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Give and take

Schools with a strong ethos of charitable giving are finding that some of their philanthropic effort now has to go into funding their own activities.

Schools with a strong ethos of charitable giving are finding that some of their philanthropic effort now has to go into funding their own activities.

There is no Simon Cowell to whip the audience into a frenzy of excitement and no Susan Boyle to revere or ridicule. But the school version of Britain's Got Talent has something that the televised original cannot boast: a charitable motive.

Judged by three members of staff, the young contestants sing, dance or play in front of the entire school. But rather than being a money-spinner for Mr Cowell or ITV, the show has raised more than pound;400 for Women's Aid, which supports victims of domestic violence.

"The audience is incredibly supportive of the acts," says Beverley Birchley, vice-principal of the Duke of York's Royal Military School in Dover, Kent. This philanthropic attitude lies at the heart of the school's ethos. This year alone, its 440 pupils have raised more than pound;2,500 for various causes.

But school fundraising activities may soon be geared towards another target. Instead of concentrating on supporting charities, schools could find themselves having to raise money to support extra-curricular activities. Although core funding for schools is to be protected in the current spending squeeze, money for additional projects is likely to be in short supply.

"The knock-on effect is that fundraising is likely to become an increasingly important activity for schools," says Sarah Honeywell, a lead researcher at The Key, a support service for school leaders.

Mrs Honeywell says some schools are already using the services of a professional fundraiser to drum up cash for capital projects, such as building or equipping new classrooms, now the Building Schools for the Future scheme has been axed.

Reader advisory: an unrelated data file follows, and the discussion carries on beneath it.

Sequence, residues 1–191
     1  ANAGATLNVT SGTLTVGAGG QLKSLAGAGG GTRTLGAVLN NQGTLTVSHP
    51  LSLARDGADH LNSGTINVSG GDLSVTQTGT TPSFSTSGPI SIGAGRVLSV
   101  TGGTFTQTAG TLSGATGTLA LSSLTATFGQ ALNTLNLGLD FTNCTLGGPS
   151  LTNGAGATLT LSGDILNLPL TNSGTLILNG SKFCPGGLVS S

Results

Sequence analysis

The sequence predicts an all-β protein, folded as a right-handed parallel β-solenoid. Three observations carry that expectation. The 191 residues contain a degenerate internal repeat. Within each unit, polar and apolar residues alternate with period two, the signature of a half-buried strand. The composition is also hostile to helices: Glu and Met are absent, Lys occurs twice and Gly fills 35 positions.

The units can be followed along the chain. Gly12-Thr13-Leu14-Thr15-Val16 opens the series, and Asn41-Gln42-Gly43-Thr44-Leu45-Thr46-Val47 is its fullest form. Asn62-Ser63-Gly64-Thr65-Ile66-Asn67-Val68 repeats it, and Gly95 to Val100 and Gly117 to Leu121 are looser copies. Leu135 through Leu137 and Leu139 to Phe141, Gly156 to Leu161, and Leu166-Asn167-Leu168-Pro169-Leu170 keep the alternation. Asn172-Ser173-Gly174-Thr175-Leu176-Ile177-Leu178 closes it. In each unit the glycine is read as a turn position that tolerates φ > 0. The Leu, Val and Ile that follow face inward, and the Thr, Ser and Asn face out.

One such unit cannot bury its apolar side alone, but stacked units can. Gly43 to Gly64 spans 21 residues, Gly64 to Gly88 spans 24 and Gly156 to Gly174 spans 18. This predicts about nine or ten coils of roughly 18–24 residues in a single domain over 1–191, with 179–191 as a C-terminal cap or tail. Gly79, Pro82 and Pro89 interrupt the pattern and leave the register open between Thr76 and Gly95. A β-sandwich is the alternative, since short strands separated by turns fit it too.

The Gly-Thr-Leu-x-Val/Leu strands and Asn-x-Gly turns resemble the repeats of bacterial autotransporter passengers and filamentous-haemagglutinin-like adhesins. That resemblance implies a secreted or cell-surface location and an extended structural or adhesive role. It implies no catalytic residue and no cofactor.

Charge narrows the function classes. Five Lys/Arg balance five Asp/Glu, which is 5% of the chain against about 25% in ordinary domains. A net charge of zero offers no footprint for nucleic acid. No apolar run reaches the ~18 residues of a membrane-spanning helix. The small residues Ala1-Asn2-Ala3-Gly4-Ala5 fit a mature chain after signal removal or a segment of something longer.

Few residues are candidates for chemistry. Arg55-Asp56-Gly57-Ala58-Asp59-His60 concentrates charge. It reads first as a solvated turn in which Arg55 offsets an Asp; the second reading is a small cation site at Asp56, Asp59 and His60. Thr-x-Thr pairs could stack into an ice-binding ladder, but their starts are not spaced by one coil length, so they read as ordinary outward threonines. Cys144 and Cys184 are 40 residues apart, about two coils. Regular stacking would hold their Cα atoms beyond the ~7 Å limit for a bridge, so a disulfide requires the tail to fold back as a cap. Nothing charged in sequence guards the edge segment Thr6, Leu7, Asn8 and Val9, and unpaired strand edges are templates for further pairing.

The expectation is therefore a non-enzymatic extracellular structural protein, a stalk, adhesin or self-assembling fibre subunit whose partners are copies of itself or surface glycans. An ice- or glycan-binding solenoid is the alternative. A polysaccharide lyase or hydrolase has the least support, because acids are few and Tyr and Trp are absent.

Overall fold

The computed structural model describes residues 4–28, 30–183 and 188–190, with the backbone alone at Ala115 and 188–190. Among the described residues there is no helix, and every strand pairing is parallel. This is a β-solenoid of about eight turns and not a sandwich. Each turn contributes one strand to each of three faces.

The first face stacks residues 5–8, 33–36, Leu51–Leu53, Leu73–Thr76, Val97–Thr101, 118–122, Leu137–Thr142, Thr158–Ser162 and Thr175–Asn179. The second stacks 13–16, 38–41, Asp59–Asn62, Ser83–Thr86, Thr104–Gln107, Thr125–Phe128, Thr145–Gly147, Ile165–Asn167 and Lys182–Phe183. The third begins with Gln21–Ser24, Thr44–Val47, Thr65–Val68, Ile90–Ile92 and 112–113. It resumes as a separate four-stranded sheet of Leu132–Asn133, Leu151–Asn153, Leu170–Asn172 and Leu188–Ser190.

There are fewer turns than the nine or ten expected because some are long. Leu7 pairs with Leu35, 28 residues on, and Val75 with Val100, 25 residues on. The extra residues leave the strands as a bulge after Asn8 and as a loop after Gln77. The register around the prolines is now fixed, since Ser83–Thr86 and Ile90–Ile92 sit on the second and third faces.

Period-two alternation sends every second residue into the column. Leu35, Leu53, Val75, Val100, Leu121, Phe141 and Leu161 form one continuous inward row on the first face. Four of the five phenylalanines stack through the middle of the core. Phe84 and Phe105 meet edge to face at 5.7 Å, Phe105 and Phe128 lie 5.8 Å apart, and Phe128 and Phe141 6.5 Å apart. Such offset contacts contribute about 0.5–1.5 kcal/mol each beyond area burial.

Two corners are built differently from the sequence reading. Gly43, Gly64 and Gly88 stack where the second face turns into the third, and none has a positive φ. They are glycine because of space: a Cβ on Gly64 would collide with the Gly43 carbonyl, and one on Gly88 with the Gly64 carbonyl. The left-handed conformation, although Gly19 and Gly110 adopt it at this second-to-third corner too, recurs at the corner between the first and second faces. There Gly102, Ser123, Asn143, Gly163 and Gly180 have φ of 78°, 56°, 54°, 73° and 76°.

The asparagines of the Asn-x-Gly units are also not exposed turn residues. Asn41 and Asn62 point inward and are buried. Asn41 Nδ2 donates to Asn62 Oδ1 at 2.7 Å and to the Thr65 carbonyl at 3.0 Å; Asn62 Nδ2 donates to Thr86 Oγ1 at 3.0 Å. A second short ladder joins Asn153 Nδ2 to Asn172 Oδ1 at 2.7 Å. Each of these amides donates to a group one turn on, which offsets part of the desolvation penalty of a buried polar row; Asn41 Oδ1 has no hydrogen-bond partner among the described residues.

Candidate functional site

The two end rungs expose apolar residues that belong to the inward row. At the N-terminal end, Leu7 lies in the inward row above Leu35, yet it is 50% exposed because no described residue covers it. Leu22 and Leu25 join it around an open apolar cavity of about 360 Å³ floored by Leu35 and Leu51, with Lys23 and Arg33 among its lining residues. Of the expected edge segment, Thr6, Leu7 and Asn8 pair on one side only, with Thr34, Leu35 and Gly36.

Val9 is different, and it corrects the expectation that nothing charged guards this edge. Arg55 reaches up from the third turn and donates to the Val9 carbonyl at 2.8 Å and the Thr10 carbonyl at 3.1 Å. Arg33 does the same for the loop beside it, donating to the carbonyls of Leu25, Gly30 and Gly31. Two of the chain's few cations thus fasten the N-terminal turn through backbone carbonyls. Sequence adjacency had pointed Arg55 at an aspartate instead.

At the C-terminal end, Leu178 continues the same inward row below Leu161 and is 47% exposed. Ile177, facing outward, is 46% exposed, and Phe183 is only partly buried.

But just as schools turn to fundraising - not just for charitable causes but for extra resources as well - these external sources of funding, not just parents, but private companies too, are likely to shrink.

"The general climate of austerity will mean it is more difficult to raise money than it has been in the past," confirms Malcolm Probe, policy director at the Association of School and College Leaders.

Mr Probe says it is hard to predict the impact of the cutbacks on schools, but admits it will be difficult to raise the sorts of sums that would be needed to fill any serious shortfalls.

An increasing reliance on Parent Teacher Associations to plug any gaps could seriously disadvantage schools in less affluent areas, where parents are less able to contribute, he adds. But it also has the undesirable effect of downgrading one of the key benefits of fundraising: boosting pupils' social awareness.

The Duke of York's school, which became the country's first state-funded boarding academy in September, has traditionally catered for children of service personnel. Raising money for military-based charities, such as the British Legion, Help for Heroes and Scotty's Little Soldiers, lies close to its heart.

"It is a very important part of who we are," says Ms Birchley. "As a community, we are very conscious that our pupils' parents put their lives on the line. We have had very tragic situations, but these charities support the families, no matter what. It is incredibly important we give something back."

But while the sentiments are sombre, the fundraising itself remains light- hearted. Fetes involve "sponging" members of the senior management team, "human fruit machines" - where arms are pulled down to reveal the fruit - and pairing baby pictures or pets with teachers.